Mia Salsjö’s unique, interdisciplinary artwork, 1000 Year Plan For Gertrude Glasshouse is an intricate illustration of the work that exists at the crossroads of Melbourne’s traditions in contemporary musical and visual practice, that has been incubated by a range of galleries and nurtured by the Victorian College of the Arts. However, the striking originality of Salsjö’s work is entirely her own.
Seeing Salsjö exhibition means entering an ethereal soundscape that is visually intricate, conceptually variegated and sonically intriguing, and 1000 Year Plan For Gertrude Glasshouse is peak Salsjö that combines all these elements to create a series of works that make a profound statement about the notion of place.
The conceptual layer is a hook that hangs on this theme. 1000 Year Plan For Gertrude Glasshouse is an archeology of the notion of a gallery: what it is, what it represents, and what it can be. In a process characterised first by scrupulous research, Salsjö begins with the floor plan of the gallery and ends with an orchestrated score of music whose parameters are determined by the dimensions of the space. Sounds complicated? It’s surprising how it’s not.
Salsjö’s works have an elegance that makes them easy to apprehend and are as memorable as an encounter with a friend.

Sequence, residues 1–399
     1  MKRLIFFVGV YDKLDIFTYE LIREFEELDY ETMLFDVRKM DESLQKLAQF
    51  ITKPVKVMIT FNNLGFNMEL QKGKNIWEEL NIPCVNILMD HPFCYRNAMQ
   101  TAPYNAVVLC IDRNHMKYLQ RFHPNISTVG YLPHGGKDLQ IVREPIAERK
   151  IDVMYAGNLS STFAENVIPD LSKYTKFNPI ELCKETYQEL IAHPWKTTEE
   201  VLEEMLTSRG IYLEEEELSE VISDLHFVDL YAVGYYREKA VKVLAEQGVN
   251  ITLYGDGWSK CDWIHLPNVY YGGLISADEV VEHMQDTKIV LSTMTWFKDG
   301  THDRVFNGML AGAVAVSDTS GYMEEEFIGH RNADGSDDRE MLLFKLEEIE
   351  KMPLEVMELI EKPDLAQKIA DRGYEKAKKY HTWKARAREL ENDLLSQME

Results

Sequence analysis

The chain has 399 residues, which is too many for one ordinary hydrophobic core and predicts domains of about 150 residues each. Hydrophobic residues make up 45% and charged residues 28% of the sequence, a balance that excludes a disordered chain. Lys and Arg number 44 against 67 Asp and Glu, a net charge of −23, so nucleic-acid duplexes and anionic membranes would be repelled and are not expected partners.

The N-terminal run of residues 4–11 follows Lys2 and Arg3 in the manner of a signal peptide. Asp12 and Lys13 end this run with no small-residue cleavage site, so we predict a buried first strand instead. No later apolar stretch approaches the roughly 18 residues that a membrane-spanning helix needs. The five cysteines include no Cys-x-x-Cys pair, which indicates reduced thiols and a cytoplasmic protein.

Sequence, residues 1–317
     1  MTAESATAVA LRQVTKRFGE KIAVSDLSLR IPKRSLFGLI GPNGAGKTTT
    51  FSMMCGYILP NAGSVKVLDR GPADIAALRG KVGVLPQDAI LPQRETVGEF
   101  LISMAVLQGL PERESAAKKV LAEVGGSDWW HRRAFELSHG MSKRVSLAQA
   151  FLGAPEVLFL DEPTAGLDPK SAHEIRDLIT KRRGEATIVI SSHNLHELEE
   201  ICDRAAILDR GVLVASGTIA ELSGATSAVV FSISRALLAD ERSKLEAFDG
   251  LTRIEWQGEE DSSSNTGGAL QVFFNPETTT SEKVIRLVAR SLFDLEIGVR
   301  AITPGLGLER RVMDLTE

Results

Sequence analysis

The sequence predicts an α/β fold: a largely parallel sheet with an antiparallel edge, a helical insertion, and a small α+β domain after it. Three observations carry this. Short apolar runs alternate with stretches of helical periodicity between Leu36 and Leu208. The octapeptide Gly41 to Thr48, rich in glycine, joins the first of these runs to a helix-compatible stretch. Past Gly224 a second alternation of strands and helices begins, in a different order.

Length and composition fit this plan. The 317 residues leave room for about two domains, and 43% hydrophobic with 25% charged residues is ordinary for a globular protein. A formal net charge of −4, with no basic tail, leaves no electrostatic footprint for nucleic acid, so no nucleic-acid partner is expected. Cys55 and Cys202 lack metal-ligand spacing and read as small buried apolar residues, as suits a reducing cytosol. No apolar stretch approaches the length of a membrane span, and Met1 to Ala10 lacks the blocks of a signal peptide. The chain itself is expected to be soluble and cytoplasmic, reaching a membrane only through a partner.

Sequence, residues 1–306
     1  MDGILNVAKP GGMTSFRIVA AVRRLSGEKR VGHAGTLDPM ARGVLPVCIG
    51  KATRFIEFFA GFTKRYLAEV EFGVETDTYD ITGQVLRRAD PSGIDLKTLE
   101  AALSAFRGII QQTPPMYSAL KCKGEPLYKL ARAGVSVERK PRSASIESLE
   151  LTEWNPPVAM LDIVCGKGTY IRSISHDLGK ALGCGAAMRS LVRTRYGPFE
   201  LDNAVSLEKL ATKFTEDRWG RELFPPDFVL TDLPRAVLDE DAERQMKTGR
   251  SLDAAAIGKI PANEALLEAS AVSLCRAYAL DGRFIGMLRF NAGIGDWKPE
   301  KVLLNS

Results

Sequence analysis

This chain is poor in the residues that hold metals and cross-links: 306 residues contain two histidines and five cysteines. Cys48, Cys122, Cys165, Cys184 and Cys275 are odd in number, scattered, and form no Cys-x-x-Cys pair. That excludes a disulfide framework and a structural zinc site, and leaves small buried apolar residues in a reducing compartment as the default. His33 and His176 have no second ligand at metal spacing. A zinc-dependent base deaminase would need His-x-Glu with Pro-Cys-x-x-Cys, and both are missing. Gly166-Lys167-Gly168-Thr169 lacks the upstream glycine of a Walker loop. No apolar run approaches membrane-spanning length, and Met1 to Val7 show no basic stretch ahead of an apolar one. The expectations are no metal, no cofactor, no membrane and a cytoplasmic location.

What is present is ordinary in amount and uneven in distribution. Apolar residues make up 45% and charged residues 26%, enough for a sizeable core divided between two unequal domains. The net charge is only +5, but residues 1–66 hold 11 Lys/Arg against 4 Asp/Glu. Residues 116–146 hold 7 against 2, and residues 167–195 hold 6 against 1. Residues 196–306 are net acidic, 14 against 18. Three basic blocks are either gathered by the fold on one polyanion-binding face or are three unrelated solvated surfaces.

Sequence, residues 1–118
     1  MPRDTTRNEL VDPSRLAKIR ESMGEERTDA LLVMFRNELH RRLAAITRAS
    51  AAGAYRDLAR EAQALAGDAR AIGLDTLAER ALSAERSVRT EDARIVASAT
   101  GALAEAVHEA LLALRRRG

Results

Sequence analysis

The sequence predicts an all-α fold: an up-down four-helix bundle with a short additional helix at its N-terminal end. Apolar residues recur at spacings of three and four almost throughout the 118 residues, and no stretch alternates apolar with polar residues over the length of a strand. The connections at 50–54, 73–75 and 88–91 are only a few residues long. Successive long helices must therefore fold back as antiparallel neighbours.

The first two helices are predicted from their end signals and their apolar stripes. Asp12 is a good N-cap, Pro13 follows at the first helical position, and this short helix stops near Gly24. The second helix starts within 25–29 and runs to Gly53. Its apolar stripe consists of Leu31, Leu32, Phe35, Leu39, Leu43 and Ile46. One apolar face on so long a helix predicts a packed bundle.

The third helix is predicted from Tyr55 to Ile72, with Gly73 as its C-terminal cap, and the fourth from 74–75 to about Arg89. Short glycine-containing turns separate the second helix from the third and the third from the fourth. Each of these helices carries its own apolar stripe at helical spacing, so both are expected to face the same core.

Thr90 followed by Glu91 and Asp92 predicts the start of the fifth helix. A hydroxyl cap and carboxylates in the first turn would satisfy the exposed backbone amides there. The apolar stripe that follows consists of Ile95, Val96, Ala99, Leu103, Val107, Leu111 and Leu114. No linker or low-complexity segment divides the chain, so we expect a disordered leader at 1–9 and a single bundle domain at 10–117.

It’s a concept that’s at its clearest when you look at the visual layer, which consists of a representation of a plan of a gallery 1000 years in the future. The plan has a spiritual theme – the image that caught my eye was the plan for The Gate of Perpetual Manifesting – but the works exist very concretely in architectural drawings supplemented with fine pencil annotations. These annotations represent the dimensions of the space, but become something more: the basis for a musical composition that plays in the space.
The musical score is composed of two baritones, one mezzo soprano, percussion and two horns. The orchestration is a gesture towards Salsjö’s musical background – she has a degree in improvisational jazz – but their presence in the space takes an almost sculptural component, amplified by big resonators that look almost like gas bottles but create sound as delicate as moth’s wings.
Finally, a range of recycled glass sculptures painstakingly etched with the numbers are used in creating the music and highlights the sculptural element of a work. It all comes together to build on the original concept of embroidering the plans from the 19th century industrial origins of the gallery.
The overall effect is an artist dextrous across mediums and confident in concept and in theme. The piece is a moving meditation on the plan as the soul of the work, and the gallery as the custodian of artistic practice, which like a revelation of the spirit, can be accessed through a variety of senses, forms, and techniques.
1000 Year Plan For Gertrude Glasshouse is on at Gertrude Contemporary in Collingwood until 8 October 2022.